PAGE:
The Ebola Virus Strikes Again in Congo

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A case of Ebola was registered in the town of Mbandaka in the Democratic Republic of Congo last week. Ebola is highly infectious and extremely lethal by spreading through contact with body fluids, such as blood, from an animal or human who has the Ebola virus. It takes between a few days or even weeks for symptoms to appear.

How did it started?

On May 8th, several cases of the notorious hemorrhagic fever were announced in Bikoro. A medical source told AFP that they had quarantined a person who tested positive, namely a priest from the diocese of Mbandaka-Bikoro, but the religious authorities could not be contacted right away.  However, it was unlikely to count the priest among the Ebola victims after The Wold Health Organization had identified 58 cases since early April.

Getting help right away

This week, the DRC health officials launched a vaccination campaign against the latest Ebola outbreak in the town of Mbandaka in the Democratic Republic of Congo. Unfortunately, 27 lives have been claimed by this lethal virus. Gianfranco Rotigliano, charity’s DRC representative, told AFP that every student would be given help when needed. He visited schools in Bikoro and talked about the basic rules against Ebola. The children knew them including avoiding shaking hands and washing their hands regularly. Moreover, UNICEF is involved.

How are people dealing with this outbreak?

According to an AFP correspondent, dispensers containing water and soap mixed with disinfectant have been installed at every house entrance. This way, people will have close access to their own dispenser and avoid catching the disease. One of the fathers of several children, Claude, told AFP that his children didn’t play games that would involve physical contact between them and their friends and that they were careful when shaking hands with someone.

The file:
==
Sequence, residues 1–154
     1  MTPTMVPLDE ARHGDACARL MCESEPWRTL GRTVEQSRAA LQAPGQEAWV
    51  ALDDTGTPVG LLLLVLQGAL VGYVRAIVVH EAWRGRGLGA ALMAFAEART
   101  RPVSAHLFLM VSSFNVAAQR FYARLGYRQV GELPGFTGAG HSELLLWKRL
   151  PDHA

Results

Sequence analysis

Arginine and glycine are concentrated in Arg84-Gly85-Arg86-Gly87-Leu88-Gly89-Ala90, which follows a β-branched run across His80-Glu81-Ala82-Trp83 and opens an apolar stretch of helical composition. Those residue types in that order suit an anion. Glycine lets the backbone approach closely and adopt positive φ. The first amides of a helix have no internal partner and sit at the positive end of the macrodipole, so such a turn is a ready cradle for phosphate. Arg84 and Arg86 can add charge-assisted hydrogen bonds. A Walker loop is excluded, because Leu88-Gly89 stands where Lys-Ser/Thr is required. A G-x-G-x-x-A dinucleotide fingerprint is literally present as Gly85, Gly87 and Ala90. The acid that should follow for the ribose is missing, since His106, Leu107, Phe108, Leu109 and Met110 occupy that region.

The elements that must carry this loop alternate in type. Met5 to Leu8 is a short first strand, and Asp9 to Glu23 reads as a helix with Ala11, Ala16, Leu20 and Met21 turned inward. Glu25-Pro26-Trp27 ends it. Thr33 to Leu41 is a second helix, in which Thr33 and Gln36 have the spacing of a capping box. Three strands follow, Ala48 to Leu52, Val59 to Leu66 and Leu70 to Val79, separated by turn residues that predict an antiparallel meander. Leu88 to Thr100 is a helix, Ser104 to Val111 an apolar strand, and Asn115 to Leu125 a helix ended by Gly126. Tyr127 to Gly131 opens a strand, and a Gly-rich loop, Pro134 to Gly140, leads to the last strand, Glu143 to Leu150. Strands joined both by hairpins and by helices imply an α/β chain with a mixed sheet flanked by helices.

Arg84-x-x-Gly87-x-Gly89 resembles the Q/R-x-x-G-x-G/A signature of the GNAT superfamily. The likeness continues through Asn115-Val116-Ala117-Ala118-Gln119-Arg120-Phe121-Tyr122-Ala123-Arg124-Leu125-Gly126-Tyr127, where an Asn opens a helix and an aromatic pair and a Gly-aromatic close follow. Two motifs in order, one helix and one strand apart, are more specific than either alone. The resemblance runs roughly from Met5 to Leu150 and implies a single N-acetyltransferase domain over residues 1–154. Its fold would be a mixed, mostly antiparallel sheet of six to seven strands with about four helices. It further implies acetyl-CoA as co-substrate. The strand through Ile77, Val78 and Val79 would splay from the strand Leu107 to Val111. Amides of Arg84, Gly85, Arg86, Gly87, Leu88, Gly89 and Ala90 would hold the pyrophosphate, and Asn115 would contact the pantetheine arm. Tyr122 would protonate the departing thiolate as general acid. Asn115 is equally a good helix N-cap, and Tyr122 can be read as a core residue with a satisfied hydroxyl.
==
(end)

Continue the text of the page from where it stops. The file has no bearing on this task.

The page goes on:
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Brad is a former Senior Fellow at the Schuster Institute for Investigative Journalism at Brandeis University, is an award-winning travel, culture, and parenting writer. His writing has appeared in many of the Canada’s most respected and credible publications, including the Toronto Star, CBC News and on the cover of Smithsonian Magazine. A meticulous researcher who’s not afraid to be controversial, he is nationally known as a journalist who opens people’s eyes to the realities behind accepted practices in the care of children. Brad is a contributing journalist to Advocator.ca


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